History of UK Cable
By law, these cable systems were restricted to the relay of the public broadcast channels, which meant that as the transmitter network became more comprehensive the incentive to subscribe to cable was reduced and they began to lose H customers. In 1982, a radical liberalisation of the law on cable was proposed by the Information Technology Advisory Panel, for the sake of promoting a new generation of broadband cable systems leading to the wired society. After setting up and receiving the conclusions of the Hunt Inquiry into Cable Expansion and Broadcasting Policy, the Government decided to proceed with liberalisation and two pieces of legislation. the Cable and Broadcasting Act and the Telecommunications Act, were enacted in 1984.
The result was that cable systems were permitted to carry as many new television channels as they liked, as well as providing a telephone service and interactive services of many kinds (as since made familiar by the Internet). To maintain the momentum of the perceived commercial interest in this new investment opportunity, in 1983 the Government itself granted eleven interim franchises for new broadband systems each covering a community of up to around 100,000 homes, but the competitive franchising process was otherwise left to the new regulatory body, the Cable Authority, which took on its powers from 1 January 1985.
The franchising process proceeded steadily, but the actual construction of new systems was slow, as doubts about an adequate payback from the substantial investment persisted. By the end of 1990 almost 15 million homes had been included in franchised areas, but only 828,000 of these had been passed by broadband cable and only 149,000 were actually subscribing. Thereafter, however, construction accelerated and take-up steadily improved.
The first new television channels launched for carriage on cable systems (going live in March 1984) were Sky Channel, Screensport, Music Box and TEN - the Movie Channel. Others followed, some were merged or closed down, but the range expanded. A similar flux was seen among the operators of cable systems franchises were granted to a host of different companies, but a process of consolidation saw the growth of large multiple system operators, until by early in the 2000s virtually the whole industry was in the hands of two companies, NTL and Telewest.
In 2005 it was announced that NTL and Telewest would merge, after a period of co-operation in the preceding few years. This merger was completed on 3 March 2006 with the company being named ntl Incorporated. For the time being the two brand names and services were marketed separately. However, following NTL's acquisition of Virgin Mobile, the NTL and Telewest services were rebranded Virgin Media on 2007-02-08 creating a single cable operator covering more than 95% of the UK cable market.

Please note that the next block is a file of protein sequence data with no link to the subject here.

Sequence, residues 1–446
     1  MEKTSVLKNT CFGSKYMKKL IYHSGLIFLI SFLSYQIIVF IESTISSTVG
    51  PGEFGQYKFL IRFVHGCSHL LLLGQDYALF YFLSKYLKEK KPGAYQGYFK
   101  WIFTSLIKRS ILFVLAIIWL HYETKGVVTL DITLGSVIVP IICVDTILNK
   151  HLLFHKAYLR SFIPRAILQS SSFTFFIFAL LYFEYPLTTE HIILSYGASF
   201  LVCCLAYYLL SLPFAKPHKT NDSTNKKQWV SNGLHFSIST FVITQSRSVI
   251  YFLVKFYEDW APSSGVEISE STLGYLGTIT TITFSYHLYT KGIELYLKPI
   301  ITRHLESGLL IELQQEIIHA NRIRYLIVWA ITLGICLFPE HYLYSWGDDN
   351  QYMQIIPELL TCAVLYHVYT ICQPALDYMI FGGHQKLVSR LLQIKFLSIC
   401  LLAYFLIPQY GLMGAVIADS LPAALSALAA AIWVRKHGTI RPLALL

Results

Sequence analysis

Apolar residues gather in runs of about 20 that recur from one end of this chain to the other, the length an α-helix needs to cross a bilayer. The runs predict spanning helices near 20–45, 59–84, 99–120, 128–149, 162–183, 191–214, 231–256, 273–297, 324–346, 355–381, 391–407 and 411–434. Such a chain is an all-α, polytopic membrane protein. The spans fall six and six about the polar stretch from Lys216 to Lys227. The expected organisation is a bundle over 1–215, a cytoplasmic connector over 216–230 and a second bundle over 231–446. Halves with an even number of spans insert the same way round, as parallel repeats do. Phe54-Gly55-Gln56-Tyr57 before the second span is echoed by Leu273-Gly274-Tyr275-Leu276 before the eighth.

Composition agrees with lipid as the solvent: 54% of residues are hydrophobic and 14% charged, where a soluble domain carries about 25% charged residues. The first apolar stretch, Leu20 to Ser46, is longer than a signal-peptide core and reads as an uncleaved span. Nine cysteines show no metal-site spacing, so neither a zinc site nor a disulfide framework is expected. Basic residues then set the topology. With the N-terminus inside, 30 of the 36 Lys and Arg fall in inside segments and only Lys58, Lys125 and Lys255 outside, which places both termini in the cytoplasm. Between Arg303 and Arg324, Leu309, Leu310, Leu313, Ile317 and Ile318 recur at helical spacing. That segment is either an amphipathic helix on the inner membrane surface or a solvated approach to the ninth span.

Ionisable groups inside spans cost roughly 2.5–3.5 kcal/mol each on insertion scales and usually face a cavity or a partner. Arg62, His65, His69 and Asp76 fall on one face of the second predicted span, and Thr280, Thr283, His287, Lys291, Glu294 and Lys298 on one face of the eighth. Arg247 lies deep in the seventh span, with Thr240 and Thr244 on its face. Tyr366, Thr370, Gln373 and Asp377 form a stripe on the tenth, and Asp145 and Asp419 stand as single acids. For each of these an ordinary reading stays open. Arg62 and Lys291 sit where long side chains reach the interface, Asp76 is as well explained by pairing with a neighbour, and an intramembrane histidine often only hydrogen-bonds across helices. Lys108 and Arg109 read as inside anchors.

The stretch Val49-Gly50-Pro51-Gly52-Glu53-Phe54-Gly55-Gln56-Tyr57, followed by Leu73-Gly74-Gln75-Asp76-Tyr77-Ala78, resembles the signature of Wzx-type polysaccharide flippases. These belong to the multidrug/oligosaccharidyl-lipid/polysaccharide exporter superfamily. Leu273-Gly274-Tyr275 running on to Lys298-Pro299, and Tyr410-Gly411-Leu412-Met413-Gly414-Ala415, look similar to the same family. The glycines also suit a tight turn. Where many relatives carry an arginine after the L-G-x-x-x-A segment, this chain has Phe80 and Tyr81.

There are a small number of other surviving cable television companies in the UK outside of NTL including WightCable (Isle of Wight) and Smallworld (Ayrshire, Carlisle and Lancashire). Cable TV faces intense competition from British Sky Broadcasting's Sky Digital satellite television service. Most channels are carried on both platforms.
However, cable often lacks "interactive" features (e.g. text services, and extra video-screens), especially on BSkyB owned channels, and the satellite platform lacks services requiring high degrees of two-way communication, such as true video on demand. However, subscription-funded digital terrestrial television proved less of a competitive threat. The first system, ITV Digital, went into liquidation in 2002. Top Up TV later replaced it, however this service is shrinking as the DVB-T multiplex owners are finding FTA broadcasting more profitable.
potential source of competition in the future will be TV over broadband
internet connections; this is known as IPTV. Some IPTV services are
currently available in London, while services operated in Hull ceased in
April 2006. As the speed and availability of broadband connections
increase, more TV content can be delivered using protocols such as IPTV.
However, its impact on the market is yet to be measured, as is consumer
attitude toward watching TV programmes on computers instead of television
sets. At the end of 2006, BT (the UK's former
Wikipedia ‘Cable TV’ September 2008
© Michael Aldrich 2011